Brentwood school officials anticipate spending $21 million in facilities upgrades
Cast members from Brentwood Middle/High School’s upcoming musical “Mary Poppins” sang and danced across the stage, as large patches of wallpaper peeled off the walls inside the auditorium.
There are a lot of great things happening in public schools in Brentwood, leaders told a crowd of 100 elected officials, business owners and parents who were invited to the “Charting the Course for the Brentwood Borough School District” event on March 27.
But, there also are problems with the facilities that need to be addressed.
“To continue doing what we’ve been able to accomplish, we need to invest in our infrastructure. That’s where we’re at,” Superintendent Amy Burch said.
Schools in Brentwood are old. Moore Elementary was built in 1914. Elroy Elementary was constructed in 1920, and the middle/high school was built in 1930.
There have been many renovations over the years at the middle/high school alone, the latest occurring in 1999.
Today, the building shows its wear, and heavy rains in October only made things worse.
The middle school gymnasium floor was flooded and had to be replaced. Classrooms were damaged and repaired over Christmas break and the auditorium wallpaper, damaged from the rain, will be taken down this summer and the room painted instead.
Luckily, district leaders say, it all was covered by insurance.
However, the cause of much of the flooding still needs to be addressed. The roof at the middle/high school needs replaced, along with fixes to the mortar and replacement of windows.
The district’s main goal, leaders said, is to provide a safe and secure environment for its 1,200 students.
After working with architect HHSDR to conduct a facilities review, the district has crafted a plan for repairs and upgrades that will take place over the next several years.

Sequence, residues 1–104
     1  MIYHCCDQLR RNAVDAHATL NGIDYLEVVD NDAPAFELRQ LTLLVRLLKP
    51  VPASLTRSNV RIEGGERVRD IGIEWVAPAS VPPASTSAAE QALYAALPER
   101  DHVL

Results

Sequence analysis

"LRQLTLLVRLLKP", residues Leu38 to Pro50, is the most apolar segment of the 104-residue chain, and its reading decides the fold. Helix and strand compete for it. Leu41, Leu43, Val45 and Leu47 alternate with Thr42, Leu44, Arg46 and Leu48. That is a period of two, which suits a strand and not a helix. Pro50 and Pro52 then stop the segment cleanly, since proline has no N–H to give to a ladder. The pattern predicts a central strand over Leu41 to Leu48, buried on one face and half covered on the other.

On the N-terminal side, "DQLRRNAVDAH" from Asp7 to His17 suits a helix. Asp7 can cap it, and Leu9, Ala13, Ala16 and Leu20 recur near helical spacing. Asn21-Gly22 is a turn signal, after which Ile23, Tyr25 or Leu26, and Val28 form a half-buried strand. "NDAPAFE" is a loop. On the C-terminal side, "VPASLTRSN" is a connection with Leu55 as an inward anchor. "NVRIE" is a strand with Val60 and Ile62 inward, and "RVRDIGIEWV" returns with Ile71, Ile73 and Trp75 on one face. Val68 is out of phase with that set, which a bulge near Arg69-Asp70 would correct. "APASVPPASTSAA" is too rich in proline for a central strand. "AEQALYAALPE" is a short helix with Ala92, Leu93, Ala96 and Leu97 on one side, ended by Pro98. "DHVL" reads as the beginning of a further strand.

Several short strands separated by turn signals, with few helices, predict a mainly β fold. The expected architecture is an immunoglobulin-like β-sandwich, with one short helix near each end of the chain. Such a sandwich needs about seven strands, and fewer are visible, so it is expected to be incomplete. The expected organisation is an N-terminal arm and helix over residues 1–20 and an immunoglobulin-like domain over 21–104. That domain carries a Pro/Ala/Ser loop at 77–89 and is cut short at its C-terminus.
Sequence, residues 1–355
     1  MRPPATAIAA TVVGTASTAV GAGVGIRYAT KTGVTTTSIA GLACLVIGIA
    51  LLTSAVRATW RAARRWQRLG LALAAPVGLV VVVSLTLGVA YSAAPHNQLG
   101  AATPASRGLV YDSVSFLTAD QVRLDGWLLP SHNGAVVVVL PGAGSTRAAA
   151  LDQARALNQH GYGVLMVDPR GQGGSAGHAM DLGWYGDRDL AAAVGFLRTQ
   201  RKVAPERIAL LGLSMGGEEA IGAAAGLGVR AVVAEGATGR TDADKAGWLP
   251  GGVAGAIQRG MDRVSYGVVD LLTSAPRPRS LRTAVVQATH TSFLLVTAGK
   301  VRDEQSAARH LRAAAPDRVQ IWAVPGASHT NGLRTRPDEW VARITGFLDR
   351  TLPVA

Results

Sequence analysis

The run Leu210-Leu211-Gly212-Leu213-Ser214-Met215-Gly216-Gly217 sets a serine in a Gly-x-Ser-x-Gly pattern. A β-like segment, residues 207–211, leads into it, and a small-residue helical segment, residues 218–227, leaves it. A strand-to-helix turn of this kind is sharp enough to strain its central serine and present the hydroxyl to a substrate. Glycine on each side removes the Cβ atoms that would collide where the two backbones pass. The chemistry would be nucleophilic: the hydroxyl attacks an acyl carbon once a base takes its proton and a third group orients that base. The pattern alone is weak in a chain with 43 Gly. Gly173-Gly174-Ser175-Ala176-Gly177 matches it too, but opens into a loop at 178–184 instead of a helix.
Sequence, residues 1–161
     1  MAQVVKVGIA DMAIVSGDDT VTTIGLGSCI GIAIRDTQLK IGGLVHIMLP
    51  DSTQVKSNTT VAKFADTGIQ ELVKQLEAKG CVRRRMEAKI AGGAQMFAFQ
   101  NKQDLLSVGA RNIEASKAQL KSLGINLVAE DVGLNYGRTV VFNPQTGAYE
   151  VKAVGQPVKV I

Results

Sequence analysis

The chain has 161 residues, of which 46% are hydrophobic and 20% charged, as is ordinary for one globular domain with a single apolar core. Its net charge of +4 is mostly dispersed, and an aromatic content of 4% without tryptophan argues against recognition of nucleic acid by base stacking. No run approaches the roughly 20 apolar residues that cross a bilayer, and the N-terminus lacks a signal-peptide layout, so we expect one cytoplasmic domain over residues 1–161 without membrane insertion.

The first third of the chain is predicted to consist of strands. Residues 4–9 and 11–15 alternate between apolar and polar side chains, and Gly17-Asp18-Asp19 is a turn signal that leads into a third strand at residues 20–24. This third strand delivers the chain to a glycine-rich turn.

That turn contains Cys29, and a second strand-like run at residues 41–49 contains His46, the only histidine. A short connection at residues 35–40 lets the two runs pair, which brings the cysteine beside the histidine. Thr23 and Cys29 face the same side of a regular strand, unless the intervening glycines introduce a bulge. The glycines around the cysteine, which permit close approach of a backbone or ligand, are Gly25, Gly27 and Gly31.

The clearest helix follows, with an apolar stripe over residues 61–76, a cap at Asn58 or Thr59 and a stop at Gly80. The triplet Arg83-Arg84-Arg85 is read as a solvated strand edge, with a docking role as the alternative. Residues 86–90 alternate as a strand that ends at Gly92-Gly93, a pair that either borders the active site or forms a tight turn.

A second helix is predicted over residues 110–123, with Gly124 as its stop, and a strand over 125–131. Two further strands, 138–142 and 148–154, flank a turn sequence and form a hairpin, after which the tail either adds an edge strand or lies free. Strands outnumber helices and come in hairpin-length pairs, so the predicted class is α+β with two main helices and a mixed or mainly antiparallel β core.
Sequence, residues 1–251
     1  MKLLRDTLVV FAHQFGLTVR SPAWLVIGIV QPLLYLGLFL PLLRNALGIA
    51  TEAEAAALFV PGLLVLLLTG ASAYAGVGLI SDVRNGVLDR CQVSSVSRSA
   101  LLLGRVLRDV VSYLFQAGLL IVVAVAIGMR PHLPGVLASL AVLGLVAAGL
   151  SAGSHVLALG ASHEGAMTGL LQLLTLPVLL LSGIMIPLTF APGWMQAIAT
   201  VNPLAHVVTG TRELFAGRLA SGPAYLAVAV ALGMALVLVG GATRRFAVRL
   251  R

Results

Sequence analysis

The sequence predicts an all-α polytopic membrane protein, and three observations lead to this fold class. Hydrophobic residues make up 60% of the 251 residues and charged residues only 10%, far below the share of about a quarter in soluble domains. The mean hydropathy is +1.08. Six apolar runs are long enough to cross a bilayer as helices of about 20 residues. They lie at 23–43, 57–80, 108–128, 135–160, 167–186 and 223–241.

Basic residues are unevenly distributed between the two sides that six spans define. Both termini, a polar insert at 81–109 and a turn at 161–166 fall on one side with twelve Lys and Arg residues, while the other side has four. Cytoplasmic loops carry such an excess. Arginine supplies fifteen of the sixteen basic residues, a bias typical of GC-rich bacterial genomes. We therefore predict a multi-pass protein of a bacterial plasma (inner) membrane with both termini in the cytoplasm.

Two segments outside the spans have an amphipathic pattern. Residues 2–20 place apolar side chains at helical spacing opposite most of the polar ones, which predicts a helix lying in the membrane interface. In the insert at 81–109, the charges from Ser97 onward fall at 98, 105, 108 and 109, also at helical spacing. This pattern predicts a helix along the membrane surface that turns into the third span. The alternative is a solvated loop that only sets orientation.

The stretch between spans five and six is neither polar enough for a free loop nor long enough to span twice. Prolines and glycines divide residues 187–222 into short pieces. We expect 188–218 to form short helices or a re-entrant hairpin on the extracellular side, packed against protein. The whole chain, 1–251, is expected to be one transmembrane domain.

• A list of what Burch called “emergency projects” to be done this summer. It includes relocating and replacing the district’s more than 20-year-old fire and phone systems. The phone system, Burch said, is “obsolete” and still uses copper wiring. Both upgrades will impact the entire district. The “most critical” parts of the roof at the middle/high school that needs replaced will be done this summer, as well, Burch said. The other parts of the roof will be replaced in 2020.
• With the replacement of the middle school gymnasium floor, district leaders now are considering swapping the middle and high school gymnasiums and adding more bleachers to what is now the middle school gym to increase capacity to more than 700 and turning it into the high school gym. The current high school gym is small — so small that at times, spectators have to walk through a coach’s huddle to get to their seats because there’s no other way to get there, high school principal Jason Olexa said. That project could happen in the summer of 2019.
• In the summer of 2020, the district plans to replace the roofs at both elementary schools, fix and/or replace the masonry and windows at the middle/high school and reconfigure the middle/high school library to turn it into a more modern, student-friendly facility.
• The pool at the middle/high school has been out of commission this year after the heater broke and the cold water in the pool caused it to start losing water through a crack the runs more than half of its length. A short-term fix will be to use hydraulic cement to fill the crack so that Brentwood can have home meets next season — something they didn’t get this year, said Jeff George, director of facilities. The pool, then, will be replaced in 2020.
• Longer term plans for 2021-24 include converting the libraries at Moore and Elroy into makerspaces, addressing HVAC needs in all buildings, classroom updates and site work at all three schools.
The district anticipates borrowing $21 million over the next three years to pay for all of this, business manager Jennifer Pesanka said. The loans would take the district’s debt out to 2048.
However, with its debt ending in 2023 and the district only owing about $6 million in past debt, Pesanka said district leaders worked with the district’s financial consultants, PFM, to ensure no additional tax increases will be needed solely to fund debt for the planned renovation projects.
“The board was extremely mindful about being fiscally responsible,” Burch said.
While the $21 million won’t get everything done, it will “put us in a solid position,” she said.
“It will be functional, it will be safe, it will be secure for our students,” she said. “We’re excited about the future of the Brentwood Borough School District.”